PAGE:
When a shadowy Rockport estate became the world epicenter of psychics and psychedelics.
From “On Damariscotta Lake,” in the June 1984 issue. 33 years later, families still take to the water to fish, paddle, or simply splash with the kids.
From “Machias River Log Drive,” in our May 1971 issue. A couple of months after this article was published, the Maine State Legislature passed a law to end log drives for good.
A hundred years ago this month, the U.S. entered World War I. As young men left Maine for the front, women took key industrial jobs.
From “Maine’s Merry Gardens” by George Taloumis, in our April 1963 issue.
Situated east of downtown Freeport and accessible only by foot through a mile-long wooded path, Pettengill Farm has stood hidden from the modern world for over 200 years.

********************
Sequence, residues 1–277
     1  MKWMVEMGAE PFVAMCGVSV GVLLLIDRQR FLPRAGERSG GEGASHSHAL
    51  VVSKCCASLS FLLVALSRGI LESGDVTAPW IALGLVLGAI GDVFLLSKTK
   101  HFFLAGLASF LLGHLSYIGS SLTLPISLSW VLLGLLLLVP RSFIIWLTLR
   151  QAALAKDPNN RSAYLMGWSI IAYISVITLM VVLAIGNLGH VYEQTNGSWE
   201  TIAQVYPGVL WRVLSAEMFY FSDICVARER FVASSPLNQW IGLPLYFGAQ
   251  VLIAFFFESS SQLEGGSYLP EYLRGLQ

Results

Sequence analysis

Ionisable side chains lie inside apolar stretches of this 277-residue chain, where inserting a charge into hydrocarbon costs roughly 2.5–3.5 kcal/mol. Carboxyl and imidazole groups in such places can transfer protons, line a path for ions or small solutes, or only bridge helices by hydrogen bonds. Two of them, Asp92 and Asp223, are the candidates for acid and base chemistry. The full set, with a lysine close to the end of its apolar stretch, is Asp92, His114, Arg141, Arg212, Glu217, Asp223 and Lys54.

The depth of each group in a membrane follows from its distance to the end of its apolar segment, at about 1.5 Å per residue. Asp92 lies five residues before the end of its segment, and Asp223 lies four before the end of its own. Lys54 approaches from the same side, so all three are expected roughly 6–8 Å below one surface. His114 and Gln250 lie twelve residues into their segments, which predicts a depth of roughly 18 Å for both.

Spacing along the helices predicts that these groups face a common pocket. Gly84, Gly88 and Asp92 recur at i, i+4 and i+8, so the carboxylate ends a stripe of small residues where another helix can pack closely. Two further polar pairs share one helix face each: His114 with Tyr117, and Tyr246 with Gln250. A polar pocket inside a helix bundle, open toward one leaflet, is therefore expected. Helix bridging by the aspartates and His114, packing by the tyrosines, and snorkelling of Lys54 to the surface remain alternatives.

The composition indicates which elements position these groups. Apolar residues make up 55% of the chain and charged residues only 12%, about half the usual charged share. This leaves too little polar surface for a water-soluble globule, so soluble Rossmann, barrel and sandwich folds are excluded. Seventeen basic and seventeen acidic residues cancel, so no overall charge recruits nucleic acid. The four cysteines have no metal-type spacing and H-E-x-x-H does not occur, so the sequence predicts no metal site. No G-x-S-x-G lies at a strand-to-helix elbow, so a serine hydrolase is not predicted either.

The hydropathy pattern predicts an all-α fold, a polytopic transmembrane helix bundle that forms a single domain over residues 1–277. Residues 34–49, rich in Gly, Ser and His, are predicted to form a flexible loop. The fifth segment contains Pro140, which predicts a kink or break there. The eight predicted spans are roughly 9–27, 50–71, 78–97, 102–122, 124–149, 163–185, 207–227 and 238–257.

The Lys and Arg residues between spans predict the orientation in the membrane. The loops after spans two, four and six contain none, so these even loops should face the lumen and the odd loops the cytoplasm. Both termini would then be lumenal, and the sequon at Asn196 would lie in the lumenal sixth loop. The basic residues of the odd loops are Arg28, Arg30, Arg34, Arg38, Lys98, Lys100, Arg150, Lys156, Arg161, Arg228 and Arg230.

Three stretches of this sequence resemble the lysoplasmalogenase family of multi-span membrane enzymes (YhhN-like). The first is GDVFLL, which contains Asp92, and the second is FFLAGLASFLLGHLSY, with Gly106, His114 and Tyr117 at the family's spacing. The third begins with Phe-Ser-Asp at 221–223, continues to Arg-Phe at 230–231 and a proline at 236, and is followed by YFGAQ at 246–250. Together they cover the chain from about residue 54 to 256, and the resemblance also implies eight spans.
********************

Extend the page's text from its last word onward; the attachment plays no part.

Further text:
From “Dog Days in Fort Kent,” by Elizabeth Peavey, in our February 1998 issue.
There are photos that present the buoyancy of that day, but this one captured something else.
One hundred and fifty years ago, a group of sensible Down East farmers and their families packed their houses and sailed to the Holy Land to await the Second Coming. Within a year, it had all gone wrong.
How the Saco-Biddeford cotton empire gave rise to a trashy 19th-century literary craze full of torrid affairs, horrendous murders, and ruined females.
In 1984, cocaine trafficking in Maine was considered an urban problem. But in the sticks of the midcoast, a loose cartel of freewheeling, twenty-something drug dealers was building an empire — until one of the state’s most elaborate and far-reaching undercover operations brought it all crashing down.
During World War II, thousands of German prisoners of war were held in internment camps across Maine. In the winter of 1945, three of them got away.